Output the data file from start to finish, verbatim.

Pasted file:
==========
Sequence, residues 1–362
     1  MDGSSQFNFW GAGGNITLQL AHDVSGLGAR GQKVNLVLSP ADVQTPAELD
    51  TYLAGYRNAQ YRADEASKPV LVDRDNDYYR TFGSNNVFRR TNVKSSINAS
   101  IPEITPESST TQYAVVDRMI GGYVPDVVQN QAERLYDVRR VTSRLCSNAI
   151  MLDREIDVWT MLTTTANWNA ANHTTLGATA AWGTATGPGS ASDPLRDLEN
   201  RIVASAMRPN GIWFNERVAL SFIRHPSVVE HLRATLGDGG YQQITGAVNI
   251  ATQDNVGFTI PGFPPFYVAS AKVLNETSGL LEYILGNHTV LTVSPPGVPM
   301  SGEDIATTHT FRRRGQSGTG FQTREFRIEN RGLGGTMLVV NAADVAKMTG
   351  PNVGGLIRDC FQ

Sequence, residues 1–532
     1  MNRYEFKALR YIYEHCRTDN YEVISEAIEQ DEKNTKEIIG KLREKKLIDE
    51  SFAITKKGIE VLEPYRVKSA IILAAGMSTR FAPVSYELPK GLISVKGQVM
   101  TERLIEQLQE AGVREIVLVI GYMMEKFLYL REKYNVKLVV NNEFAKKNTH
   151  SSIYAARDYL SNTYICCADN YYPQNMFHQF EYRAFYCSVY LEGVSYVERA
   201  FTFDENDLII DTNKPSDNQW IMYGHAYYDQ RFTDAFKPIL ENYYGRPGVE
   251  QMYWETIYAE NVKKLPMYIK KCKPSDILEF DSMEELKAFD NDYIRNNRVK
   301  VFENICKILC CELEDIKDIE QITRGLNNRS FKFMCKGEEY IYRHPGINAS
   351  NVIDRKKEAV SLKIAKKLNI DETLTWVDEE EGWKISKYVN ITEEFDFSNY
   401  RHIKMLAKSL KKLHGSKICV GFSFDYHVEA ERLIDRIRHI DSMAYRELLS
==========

Sequence, residues 1–362
     1  MDGSSQFNFW GAGGNITLQL AHDVSGLGAR GQKVNLVLSP ADVQTPAELD
    51  TYLAGYRNAQ YRADEASKPV LVDRDNDYYR TFGSNNVFRR TNVKSSINAS
   101  IPEITPESST TQYAVVDRMI GGYVPDVVQN QAERLYDVRR VTSRLCSNAI
   151  MLDREIDVWT MLTTTANWNA ANHTTLGATA AWGTATGPGS ASDPLRDLEN
   201  RIVASAMRPN GIWFNERVAL SFIRHPSVVE HLRATLGDGG YQQITGAVNI
   251  ATQDNVGFTI PGFPPFYVAS AKVLNETSGL LEYILGNHTV LTVSPPGVPM
   301  SGEDIATTHT FRRRGQSGTG FQTREFRIEN RGLGGTMLVV NAADVAKMTG
   351  PNVGGLIRDC FQ

Sequence, residues 1–532
     1  MNRYEFKALR YIYEHCRTDN YEVISEAIEQ DEKNTKEIIG KLREKKLIDE
    51  SFAITKKGIE VLEPYRVKSA IILAAGMSTR FAPVSYELPK GLISVKGQVM
   101  TERLIEQLQE AGVREIVLVI GYMMEKFLYL REKYNVKLVV NNEFAKKNTH
   151  SSIYAARDYL SNTYICCADN YYPQNMFHQF EYRAFYCSVY LEGVSYVERA
   201  FTFDENDLII DTNKPSDNQW IMYGHAYYDQ RFTDAFKPIL ENYYGRPGVE
   251  QMYWETIYAE NVKKLPMYIK KCKPSDILEF DSMEELKAFD NDYIRNNRVK
   301  VFENICKILC CELEDIKDIE QITRGLNNRS FKFMCKGEEY IYRHPGINAS
   351  NVIDRKKEAV SLKIAKKLNI DETLTWVDEE EGWKISKYVN ITEEFDFSNY
   401  RHIKMLAKSL KKLHGSKICV GFSFDYHVEA ERLIDRIRHI DSMAYRELLS